18.08.2016 Author: Vladimir Terehov

Japanese System of Public Administration to See a Major Revamping

435345345On August 3, the Japanese Cabinet has undergone a third reshuffling since Shinzo Abe took over as the country’s Prime Minister at the end of 2012. This event deserves special attention for several reasons: for one, it was apparently inspired by motives associated with the process of “normalization” of Japan, the advancement of which is already heavily influencing the situation in the Pacific Rim.

A number of other recent hallmark events (results of the Tokyo gubernatorial election, the abdication announcement made by Japanese Emperor Akihito) indicate that the current changes in the Cabinet might be just the beginning of an overarching revision of the Japanese system of public administration.

The reshuffling of the Cabinet was, in essence, a typical reaction of the ruling elite to the results of a regular general election. This time it was an off-year election to the Upper House held on July 10, in which the Liberal Democratic Party-led ruling coalition (LDP) together with “junior” partners scored a sweeping victory.

The LDP built its election campaign around the economic policy initiated by the government and nicknamed by the journalism circles “Abenomics.” Though in the recent year “Abenomics” has been losing momentum (as compared to the first two years after its initiation), the Japanese apparently chose to persevere with it since no viable alternative was offered by the opposition.

The LDP perceived its victory as a sign of approval of PM Abe’s economic policy. Therefore, there were no replacements in the Cabinet’s “economic bloc” headed by Deputy Prime Minister Taro Aso.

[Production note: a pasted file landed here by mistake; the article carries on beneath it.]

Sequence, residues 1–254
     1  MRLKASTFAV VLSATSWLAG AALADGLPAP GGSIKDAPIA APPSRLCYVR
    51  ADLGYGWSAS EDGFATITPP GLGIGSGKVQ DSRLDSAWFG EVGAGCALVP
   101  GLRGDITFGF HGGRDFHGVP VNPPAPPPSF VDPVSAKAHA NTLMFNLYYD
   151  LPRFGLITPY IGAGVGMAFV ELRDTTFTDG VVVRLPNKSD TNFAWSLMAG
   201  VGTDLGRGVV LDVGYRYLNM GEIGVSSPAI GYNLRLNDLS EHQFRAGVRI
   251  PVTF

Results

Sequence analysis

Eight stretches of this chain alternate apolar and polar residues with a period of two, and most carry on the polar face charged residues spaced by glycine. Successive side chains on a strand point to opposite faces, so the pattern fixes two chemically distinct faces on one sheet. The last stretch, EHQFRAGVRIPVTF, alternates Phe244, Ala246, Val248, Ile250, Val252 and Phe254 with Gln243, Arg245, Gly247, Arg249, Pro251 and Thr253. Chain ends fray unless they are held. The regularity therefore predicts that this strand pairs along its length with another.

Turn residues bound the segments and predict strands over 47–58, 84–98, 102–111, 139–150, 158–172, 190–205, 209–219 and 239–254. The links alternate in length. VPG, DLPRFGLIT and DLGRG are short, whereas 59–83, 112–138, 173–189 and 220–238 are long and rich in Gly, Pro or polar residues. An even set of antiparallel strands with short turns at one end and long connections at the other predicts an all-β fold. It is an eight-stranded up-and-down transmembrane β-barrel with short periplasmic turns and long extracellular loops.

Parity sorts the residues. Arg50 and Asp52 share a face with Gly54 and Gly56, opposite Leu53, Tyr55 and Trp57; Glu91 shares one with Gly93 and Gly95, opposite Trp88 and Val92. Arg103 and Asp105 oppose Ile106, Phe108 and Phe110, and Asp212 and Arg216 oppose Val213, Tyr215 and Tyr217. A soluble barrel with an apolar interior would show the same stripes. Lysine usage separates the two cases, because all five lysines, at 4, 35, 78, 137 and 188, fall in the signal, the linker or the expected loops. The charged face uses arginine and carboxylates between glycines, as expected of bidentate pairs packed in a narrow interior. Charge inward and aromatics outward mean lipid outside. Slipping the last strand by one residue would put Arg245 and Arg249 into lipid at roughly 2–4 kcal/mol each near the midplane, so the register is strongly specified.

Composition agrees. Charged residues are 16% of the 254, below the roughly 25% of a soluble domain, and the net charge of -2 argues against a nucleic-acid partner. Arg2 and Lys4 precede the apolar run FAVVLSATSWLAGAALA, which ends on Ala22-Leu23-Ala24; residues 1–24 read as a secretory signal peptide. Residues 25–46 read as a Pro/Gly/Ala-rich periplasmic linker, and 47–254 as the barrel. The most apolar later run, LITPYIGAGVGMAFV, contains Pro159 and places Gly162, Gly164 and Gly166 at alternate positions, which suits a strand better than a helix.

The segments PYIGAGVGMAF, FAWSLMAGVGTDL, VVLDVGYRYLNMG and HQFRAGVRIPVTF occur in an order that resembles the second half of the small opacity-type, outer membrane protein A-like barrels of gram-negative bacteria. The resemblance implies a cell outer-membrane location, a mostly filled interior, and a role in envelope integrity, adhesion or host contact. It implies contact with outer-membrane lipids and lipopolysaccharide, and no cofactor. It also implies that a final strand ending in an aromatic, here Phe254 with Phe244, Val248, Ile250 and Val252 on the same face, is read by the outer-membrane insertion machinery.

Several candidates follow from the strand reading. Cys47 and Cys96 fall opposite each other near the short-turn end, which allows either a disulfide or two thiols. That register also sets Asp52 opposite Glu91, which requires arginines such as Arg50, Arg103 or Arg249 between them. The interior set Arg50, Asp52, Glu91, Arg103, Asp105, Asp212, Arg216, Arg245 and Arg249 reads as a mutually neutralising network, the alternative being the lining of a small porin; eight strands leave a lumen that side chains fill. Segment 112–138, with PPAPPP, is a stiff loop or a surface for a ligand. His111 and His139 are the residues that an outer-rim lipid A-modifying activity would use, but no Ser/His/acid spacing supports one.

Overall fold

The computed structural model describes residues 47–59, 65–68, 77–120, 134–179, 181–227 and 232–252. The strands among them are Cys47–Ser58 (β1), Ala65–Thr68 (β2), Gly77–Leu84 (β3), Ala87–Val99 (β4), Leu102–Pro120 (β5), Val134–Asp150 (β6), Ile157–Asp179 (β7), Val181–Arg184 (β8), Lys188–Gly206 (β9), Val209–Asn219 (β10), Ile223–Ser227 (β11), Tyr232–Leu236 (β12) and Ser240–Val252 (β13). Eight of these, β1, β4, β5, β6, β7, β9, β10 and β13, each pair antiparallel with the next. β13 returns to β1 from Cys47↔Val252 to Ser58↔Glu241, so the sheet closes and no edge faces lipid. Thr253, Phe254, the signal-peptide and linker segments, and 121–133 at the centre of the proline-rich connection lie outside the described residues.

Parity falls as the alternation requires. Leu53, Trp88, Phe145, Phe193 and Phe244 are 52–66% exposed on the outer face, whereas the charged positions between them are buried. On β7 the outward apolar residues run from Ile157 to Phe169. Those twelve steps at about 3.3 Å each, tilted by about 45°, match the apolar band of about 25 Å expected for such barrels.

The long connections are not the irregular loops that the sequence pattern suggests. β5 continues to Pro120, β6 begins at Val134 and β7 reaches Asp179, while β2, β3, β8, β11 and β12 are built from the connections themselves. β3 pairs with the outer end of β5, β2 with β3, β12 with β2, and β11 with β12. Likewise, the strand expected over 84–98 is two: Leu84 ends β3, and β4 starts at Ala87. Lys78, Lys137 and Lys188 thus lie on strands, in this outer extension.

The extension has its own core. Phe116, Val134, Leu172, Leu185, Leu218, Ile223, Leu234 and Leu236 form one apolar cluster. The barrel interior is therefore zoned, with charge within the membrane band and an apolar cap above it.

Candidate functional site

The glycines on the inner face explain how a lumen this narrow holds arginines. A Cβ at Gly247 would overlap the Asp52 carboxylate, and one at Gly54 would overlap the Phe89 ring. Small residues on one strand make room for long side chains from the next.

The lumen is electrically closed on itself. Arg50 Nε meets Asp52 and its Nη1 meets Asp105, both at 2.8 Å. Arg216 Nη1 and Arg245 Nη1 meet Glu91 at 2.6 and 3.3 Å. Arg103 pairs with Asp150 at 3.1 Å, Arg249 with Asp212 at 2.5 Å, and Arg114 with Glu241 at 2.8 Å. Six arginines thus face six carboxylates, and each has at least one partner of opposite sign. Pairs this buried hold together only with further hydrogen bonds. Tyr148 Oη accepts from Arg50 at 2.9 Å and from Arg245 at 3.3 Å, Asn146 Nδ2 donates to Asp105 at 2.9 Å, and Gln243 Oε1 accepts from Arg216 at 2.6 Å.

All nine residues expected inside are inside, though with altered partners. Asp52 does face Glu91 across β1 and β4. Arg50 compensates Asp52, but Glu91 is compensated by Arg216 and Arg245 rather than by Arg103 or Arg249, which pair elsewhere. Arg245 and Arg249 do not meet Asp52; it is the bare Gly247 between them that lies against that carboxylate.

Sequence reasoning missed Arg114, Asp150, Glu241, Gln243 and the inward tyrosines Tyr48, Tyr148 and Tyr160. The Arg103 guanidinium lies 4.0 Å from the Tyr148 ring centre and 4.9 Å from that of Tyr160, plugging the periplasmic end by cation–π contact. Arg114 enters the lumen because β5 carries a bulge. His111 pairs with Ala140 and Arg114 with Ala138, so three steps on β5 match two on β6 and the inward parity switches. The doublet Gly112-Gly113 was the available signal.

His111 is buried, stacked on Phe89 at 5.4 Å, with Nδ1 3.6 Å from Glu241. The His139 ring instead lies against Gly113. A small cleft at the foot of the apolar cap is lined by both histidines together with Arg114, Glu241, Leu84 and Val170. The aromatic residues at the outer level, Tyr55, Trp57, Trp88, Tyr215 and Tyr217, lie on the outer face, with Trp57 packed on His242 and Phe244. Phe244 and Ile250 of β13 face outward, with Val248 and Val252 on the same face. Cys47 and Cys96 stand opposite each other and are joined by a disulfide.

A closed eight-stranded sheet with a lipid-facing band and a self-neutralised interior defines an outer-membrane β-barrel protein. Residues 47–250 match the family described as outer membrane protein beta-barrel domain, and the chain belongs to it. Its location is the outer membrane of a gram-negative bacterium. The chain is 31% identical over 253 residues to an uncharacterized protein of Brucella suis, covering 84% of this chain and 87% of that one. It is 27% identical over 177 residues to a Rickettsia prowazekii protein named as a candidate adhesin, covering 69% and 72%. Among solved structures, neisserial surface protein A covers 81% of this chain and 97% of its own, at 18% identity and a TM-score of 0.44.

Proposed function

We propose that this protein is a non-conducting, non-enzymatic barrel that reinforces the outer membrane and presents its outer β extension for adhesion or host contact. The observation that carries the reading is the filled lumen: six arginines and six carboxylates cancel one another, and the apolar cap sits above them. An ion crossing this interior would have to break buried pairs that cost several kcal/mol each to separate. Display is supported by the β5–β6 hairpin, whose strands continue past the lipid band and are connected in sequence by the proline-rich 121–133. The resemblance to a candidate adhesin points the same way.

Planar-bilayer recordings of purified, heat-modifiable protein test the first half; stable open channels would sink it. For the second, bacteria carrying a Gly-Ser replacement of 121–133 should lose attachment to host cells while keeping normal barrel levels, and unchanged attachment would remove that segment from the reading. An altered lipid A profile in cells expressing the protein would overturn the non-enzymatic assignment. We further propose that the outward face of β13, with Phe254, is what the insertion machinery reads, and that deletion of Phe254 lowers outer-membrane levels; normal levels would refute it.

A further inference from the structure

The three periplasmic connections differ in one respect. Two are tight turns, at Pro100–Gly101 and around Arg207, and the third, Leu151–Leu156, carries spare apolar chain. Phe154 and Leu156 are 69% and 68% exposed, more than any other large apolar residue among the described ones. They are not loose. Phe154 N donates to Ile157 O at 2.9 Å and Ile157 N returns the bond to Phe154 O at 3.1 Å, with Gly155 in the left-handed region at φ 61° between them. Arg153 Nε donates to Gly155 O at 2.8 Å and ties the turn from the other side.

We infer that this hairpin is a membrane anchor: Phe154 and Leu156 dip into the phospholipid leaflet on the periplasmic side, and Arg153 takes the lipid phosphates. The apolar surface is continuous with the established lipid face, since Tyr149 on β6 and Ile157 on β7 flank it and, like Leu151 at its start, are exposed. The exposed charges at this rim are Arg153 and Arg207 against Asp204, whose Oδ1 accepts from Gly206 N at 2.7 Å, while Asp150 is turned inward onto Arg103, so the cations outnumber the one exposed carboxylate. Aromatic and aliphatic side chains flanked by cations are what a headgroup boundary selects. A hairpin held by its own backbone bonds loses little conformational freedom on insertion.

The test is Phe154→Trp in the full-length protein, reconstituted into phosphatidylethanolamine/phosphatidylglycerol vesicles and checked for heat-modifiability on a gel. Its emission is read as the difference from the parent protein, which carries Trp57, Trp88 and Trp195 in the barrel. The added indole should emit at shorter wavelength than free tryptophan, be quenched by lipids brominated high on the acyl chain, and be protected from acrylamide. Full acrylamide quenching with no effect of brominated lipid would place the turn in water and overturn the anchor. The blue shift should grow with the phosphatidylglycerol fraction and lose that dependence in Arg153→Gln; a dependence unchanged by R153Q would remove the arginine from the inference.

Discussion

As for other key posts in the government, Fumio Kishida and Yoshihide Suga were reappointed the country’s Foreign Minister and Chief Cabinet Secretary respectively.

Thus, Shinzo Abe’s closest time-tested associates fully sharing his stance on the principle aspects of Japan’s domestic and foreign policies retained the key positions in the government.

There was, however, one appointment, which immediately grabbed attention of the global news agencies: Tomomi Inada, who served as Head of the Policy Research Council in PM Abe’s government in 2013-2014, took up the position of the Defense Minister. A lawyer by her formal training, 56-year old Tomomi Inada was lately overseeing the development of party policy in Shinzo Abe-led LDP.

China, which perceives the designation of a “lady agreeable in all respects” for the position of the Head of Ministry of Defense of Japan—China’s major geopolitical opponent—as a sure sign indicating that foreign policy adopted by Shinzo Abe’s Cabinet will continue “tilting to the right,” did not find this news too thrilling. An article on the topic published in the Global Times was accompanied with an illustration of an ajar Pandora’s Box emitting thick smoke.

However, this appointment triggered the same reaction in Japan. The Mainichi published a quote from Mrs. Inada’s October 2015 lecture where she said, “I want us to break away from the postwar regime, and make Japan a sovereign nation both in name and reality.” 

Apparently, her aspirations coincide with the core objective of Shinzo Abe’s political career. The LDP set it as its pre-election objective to create fertile ground for an implicit introduction of radical amendments to the current “anti-military” constitution (i.e. by explaining them with economic reasons), and succeeded in achieving it.